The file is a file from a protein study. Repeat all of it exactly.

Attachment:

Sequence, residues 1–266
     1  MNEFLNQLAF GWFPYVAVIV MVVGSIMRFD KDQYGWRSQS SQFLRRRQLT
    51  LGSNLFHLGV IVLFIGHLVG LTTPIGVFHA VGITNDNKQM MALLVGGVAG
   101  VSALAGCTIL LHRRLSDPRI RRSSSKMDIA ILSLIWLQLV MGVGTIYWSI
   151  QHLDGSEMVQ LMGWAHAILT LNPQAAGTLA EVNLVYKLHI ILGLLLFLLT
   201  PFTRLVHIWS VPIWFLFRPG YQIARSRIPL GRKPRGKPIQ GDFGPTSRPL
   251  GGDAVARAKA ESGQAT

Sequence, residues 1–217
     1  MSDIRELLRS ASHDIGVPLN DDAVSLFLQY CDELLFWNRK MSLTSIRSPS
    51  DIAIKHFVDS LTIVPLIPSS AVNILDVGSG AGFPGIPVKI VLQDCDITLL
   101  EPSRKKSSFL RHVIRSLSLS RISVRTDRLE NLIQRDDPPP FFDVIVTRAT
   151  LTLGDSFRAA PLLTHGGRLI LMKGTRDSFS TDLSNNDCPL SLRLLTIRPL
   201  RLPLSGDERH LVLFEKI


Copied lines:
Sequence, residues 1–266
     1  MNEFLNQLAF GWFPYVAVIV MVVGSIMRFD KDQYGWRSQS SQFLRRRQLT
    51  LGSNLFHLGV IVLFIGHLVG LTTPIGVFHA VGITNDNKQM MALLVGGVAG
   101  VSALAGCTIL LHRRLSDPRI RRSSSKMDIA ILSLIWLQLV MGVGTIYWSI
   151  QHLDGSEMVQ LMGWAHAILT LNPQAAGTLA EVNLVYKLHI ILGLLLFLLT
   201  PFTRLVHIWS VPIWFLFRPG YQIARSRIPL GRKPRGKPIQ GDFGPTSRPL
   251  GGDAVARAKA ESGQAT

Sequence, residues 1–217
     1  MSDIRELLRS ASHDIGVPLN DDAVSLFLQY CDELLFWNRK MSLTSIRSPS
    51  DIAIKHFVDS LTIVPLIPSS AVNILDVGSG AGFPGIPVKI VLQDCDITLL
   101  EPSRKKSSFL RHVIRSLSLS RISVRTDRLE NLIQRDDPPP FFDVIVTRAT
   151  LTLGDSFRAA PLLTHGGRLI LMKGTRDSFS TDLSNNDCPL SLRLLTIRPL
   201  RLPLSGDERH LVLFEKI